## CPM vs CPV

CPM is the advertising cost calculated per thousand ad impressions, but CPV is the cost earned when only one video ad is viewed.

The former is excellent for raising brand awareness, and the latter is mostly used for mobile apps.

## CPV vs CPA

As CPV is based on the views on a specific video ad, CPA can be calculated for several ad formats. Choosing between the two marketing metrics can depend on a few factors, like the type of online ad, choice of advertising platform, and more.

## CPA vs CPM

The only difference between CPA and CPM is, that CPA is dependent on the user’s action, and it will go in vain if the user fails to convert. However, when it comes to CPM, a publisher just has to show the ad impressions rather than conversions to get paid.

## CPM vs CPI

CPM is the cost incurred for a thousand ad impressions, but CPI relies on the installation through the advertisement. CPM is mostly used in ad marketing campaigns by all types of publishers, but CPI is only favoured by app developers who want users to download and install a particular app or software program.

## CPC vs CPI

CPC relies heavily on click-through rate (CTR) and is based on the number of clicks on an ad. CPI is just dependent on the program installation and has nothing to do with any other ad metric.

## CPI vs CPA

As mentioned earlier, CPI is only based on the number of installs. On the other hand, CPA is dependent on the action taken by the user.

So, when both metrics are compared, CPA comes out to be the better key performance indicator as it is more effective in capturing the intricacies of the free-to-play and freemium markets.

## CPA vs CPL

To understand the difference, CPL is a type of CPA and will only count when a lead is generated. While CPA is better as publishers need to acquire customers from their ads, CPL is preferred more within the e-commerce sphere.

## CPL vs CPM

The only major difference between CPM and CPL is that the former gets the top position on the marketing funnel when it comes to raising brand awareness, but the latter comes somewhere in the middle.

Also, the ad format is the least concern for a publisher when it comes to CPM, but publishers have to give a thorough thought to ad formats when it comes to CPL.

## CPC vs CPL

The basic difference between CPC and CPL is the way advertisers are charged for their campaigns. In the case of CPC, one click is enough to get paid, but when it’s CPL, the advertiser will only pay when the lead is generated.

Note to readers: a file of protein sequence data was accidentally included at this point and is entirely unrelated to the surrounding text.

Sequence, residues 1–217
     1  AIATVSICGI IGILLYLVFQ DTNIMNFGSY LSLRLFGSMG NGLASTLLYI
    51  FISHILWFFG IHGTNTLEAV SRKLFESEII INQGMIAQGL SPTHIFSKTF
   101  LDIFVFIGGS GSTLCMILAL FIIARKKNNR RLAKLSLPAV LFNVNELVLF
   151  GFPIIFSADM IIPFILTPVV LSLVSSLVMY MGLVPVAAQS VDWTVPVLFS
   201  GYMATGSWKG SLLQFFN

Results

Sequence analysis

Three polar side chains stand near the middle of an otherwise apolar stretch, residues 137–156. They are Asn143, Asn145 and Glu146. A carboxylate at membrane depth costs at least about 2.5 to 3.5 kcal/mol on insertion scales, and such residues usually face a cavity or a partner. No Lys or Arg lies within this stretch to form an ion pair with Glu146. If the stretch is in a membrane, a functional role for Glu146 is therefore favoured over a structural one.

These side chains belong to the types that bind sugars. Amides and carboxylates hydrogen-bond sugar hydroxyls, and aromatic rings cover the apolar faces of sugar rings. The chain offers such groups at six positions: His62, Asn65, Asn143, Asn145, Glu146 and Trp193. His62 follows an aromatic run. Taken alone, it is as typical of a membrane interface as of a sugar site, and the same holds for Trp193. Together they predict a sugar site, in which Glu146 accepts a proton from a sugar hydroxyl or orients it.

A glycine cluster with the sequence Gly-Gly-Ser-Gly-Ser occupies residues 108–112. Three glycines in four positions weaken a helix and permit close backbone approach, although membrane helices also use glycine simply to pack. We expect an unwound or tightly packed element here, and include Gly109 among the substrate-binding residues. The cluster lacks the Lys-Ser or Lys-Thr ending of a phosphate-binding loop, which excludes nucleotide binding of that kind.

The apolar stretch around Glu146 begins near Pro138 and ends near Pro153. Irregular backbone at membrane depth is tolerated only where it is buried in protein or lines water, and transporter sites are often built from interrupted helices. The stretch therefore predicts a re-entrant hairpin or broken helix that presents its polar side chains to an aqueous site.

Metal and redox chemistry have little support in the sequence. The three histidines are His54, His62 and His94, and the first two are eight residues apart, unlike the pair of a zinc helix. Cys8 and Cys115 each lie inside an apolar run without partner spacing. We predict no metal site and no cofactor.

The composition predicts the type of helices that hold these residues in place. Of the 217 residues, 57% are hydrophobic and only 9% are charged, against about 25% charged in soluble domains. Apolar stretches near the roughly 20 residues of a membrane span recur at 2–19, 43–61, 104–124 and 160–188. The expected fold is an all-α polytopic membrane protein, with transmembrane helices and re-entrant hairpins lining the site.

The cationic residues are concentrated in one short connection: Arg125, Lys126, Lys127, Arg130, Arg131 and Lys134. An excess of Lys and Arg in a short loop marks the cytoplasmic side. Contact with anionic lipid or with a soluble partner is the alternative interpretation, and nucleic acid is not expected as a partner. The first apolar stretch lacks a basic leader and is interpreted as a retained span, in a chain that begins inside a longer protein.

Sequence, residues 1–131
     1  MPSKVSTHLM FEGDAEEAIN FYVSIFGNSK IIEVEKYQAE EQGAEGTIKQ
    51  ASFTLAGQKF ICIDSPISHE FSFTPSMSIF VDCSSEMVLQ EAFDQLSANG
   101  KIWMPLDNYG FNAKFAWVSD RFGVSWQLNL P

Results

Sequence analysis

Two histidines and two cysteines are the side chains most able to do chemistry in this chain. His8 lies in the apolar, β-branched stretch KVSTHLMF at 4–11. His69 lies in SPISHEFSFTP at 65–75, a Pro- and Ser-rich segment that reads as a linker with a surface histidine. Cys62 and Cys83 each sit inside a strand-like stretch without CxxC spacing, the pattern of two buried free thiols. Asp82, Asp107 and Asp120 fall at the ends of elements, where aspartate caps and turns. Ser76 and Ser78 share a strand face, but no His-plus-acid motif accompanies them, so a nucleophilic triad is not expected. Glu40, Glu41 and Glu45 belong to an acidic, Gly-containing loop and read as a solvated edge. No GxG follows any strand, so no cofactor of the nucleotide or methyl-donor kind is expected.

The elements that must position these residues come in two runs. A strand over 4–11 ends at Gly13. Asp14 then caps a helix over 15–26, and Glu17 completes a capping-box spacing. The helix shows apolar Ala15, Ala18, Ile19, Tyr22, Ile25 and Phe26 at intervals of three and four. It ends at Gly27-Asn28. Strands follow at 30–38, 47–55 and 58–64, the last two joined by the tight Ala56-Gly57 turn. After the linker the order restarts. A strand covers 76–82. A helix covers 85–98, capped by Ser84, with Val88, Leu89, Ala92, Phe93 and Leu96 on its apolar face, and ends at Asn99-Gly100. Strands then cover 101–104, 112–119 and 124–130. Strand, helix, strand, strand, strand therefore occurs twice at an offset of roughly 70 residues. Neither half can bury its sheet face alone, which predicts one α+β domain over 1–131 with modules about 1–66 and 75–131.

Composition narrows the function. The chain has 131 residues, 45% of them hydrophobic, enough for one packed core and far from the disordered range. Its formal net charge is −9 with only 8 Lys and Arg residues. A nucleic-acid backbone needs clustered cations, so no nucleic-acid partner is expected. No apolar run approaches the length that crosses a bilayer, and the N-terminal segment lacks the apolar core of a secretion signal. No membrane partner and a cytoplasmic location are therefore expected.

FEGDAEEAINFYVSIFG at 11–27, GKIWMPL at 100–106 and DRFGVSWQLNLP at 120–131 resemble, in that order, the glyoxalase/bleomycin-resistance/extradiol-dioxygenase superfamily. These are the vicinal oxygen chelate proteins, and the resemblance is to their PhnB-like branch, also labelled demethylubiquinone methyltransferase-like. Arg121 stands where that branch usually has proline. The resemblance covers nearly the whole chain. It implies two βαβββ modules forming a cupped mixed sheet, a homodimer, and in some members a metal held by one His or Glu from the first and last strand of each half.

## CTR vs CPA

CPA comes out to be a better advertising metric than CPA to analyze the ad budget. Moreover, CTR provides insights into ad performance and engagement and CPA is the cost incurred by the advertiser to acquire a customer or generate a specific action.

### Final Thoughts

To summarise, all bidding strategies are different, but they all have their own benefits and drawbacks. They can be used for different campaign goals, such as driving traffic to your site, driving brand awareness, or getting sales for your retail business.

For a publisher, choosing the right pricing method depends upon a lot of factors that may depend upon the type of audience, the ad campaign’s goal, or anything else.

Not to forget that, each pricing model has its own pros and cons. For example, CPC may offer more returns than other metrics, but the number of clicks on which it depends can’t be predicted.

Moreover, different types of metrics suit different type of sites. For example, websites with a lot of organic traffic prefer CPC, but the website focused more towards the content prefer CPM.

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## FAQs: CPC vs CPM and more

1. How Do You Calculate CPM?

When you want to calculate CPM, you’ll work on the cost per 1,000 impressions basis. Here, you’ll simply charge advertisers a flat fee for every 1,000 times their ad is shown.

For example, let’s say you charge an advertiser \$5 per 1,000 impressions. Regardless of how many clicks the ad gets, with 10,000 impressions, the advertiser will pay you \$50.

2. How Do You Calculate CPC?

When you use CPC, an advertiser will pay you every time someone clicks on their ad (which is displayed on your site). This model differs from CPM in that the advertiser will set a budget and the maximum amount that they’re willing to pay for a click. This is their bid.

An ad network like Google Adsense then compares their bid to the bids of other advertisers, and if their bid is competitive, the ad network will show their ad until their complete budget is used up.

3. How Are Publishers Paid with an Ad Exchange?

Ad exchanges allow billions of impressions to be bought and sold in real time using an auction process. As such, the buying and selling process is based on bidding.

Publishers can set the prices they’ll accept for each impression. They can also set the criteria for the types of impressions that they want to buy and sell.

Advertisers then bid on these impressions and compete with one another for every impression. As a result, the auction drives up the price of the ad space.

4. What is the difference between CPM, CPC, and CPV bidding?

The only difference between CPM, CPC, and CPV is how the advertiser will pay for the platform. For CPM, the advertiser will pay for every 1000 impressions generated, for CPC, for every click made, and for CPV, every time the video ad is watched.

5. What is the difference between CPM and CPC in AdSense?

In AdSense, the difference between CPM (Cost Per Mille) and CPC (Cost Per Click) lies in how advertisers are charged and how publishers earn revenue.

6. Is CPM the same as CPA?

No, CPM is the cost earned per 1,000 views, and CPA is the cost earned on each user action.

Deepak has a keen eye for detail and a deep understanding of the ad tech landscape. Whether it's through in-depth articles, thought-provoking insights, or compelling storytelling, he’s dedicated to helping people navigate the complex world of ad tech with the simplicity of his words.